Published: November 15, 2016
“In any society built on institutionalized racism, race-mixing doesn’t merely challenge the system as unjust it reveals the system as unsustainable and incoherent. Race-mixing proves that races can mix – and in a lot of cases, want to mix. Because a mixed person embodies that rebuke to the logic of the system, race-mixing becomes a crime worse than treason.”
There is so much to love about this collection of essays by Trevor Noah about his life growing up in South Africa. He was born during the era of apartheid to a black mother and a Swiss-German father at a time when it was illegal for blacks and whites to mix. He had tremendous strength of character in a world in which he did not have a place. He did not feel like he truly belonged with the whites, the coloreds, or the blacks. Most other children born to parents of mixed races fled the country, so the parents did not have to hide their “crime.”
Trevor’s essays shed insight and understanding on and about South Africa’s diverse African cultural population (a country with 12 official languages), life under apartheid, and the aftermath of conditions once apartheid ended. They are full of humor, grit, love and incredible good fortune or luck.
Trevor was raised by his mother who was a very resourceful, independent, strong woman who devoted her life to religion and instilling strong morals into her son. She would whip him for misbehaving. They would have long dialogues over what was right and wrong, and when she felt that he could think up arguments faster than she, she agreed only to argue in writing. Letters back and forth would ensue, sometimes friendly and other times more aggressive. She very much shaped who he was, what he became, made him a strong thinker, a fast runner, and who he is today. Interestingly, he also helped to shape his mother. She parented his younger brother differently from how she parented Trevor, because of what he had taught her.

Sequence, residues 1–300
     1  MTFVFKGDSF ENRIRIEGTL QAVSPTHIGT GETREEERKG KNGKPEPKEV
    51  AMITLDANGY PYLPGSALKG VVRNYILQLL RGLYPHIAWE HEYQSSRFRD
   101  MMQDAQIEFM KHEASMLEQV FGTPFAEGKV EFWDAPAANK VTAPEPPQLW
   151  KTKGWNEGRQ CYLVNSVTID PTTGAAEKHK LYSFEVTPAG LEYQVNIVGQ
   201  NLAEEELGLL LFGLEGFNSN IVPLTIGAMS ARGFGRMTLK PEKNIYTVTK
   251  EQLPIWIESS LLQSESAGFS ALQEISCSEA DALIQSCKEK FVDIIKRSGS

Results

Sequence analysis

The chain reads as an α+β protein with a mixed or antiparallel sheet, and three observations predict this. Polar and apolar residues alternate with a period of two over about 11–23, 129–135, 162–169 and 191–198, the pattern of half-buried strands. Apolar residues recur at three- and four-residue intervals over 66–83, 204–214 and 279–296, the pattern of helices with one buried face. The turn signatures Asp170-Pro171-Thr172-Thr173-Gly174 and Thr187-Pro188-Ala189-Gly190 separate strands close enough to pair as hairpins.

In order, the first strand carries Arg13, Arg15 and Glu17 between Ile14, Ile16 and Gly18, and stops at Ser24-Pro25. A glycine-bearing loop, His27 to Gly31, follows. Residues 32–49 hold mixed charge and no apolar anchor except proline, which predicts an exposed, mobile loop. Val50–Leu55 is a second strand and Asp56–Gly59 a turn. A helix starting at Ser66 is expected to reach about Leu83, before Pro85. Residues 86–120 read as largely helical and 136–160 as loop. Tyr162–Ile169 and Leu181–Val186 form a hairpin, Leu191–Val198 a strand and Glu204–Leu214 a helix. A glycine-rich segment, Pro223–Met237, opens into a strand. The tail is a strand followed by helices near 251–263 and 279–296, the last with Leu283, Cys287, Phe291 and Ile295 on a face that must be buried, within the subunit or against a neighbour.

This book is so small, yet so expansive. It is full of wisdom, insight, depth, humility and love. To cover topics including apartheid, poverty, religion, domestic abuse, relationships, police corruption and do it all so well is an incredible feat. I highly recommend this book to everyone!
- Discuss the role of religion in Trevor’s family’s life. Why did he and his mother attend so many services and what did they get from each? How do Trevor and his mother view the importance of religion?
- How and why does Trevor’s mother change her parenting style with Trevor’s younger brother?
- How does witchcraft figure into South African society and belief systems?
- Trevor compares apartheid with Catholic school, both authoritarian and ruthless. In what ways is this true in the book?
- How does Patricia, Trevor’s mom, challenge Trevor to think for himself and stand up for himself?
- How is Trevor like a chameleon? Why does he do this?
- Discuss Trevor’s relationship with his father. Does Trevor feel good about it?
- How is Trevor’s step-father abusive? Why won’t the police take a report about it?
- Discuss the role of the police in South Africa and this book.
- What lessons in love does Trevor learn in this book?
- This book speaks a lot about Trevor’s relationship with his mother. How would you express the way Trevor feels about her?
- How does Trevor Noah’s background make his commentary on America so meaningful?
- Why do you think Trevor Noah has been so successful as a comedian, writer and on the Daily Show?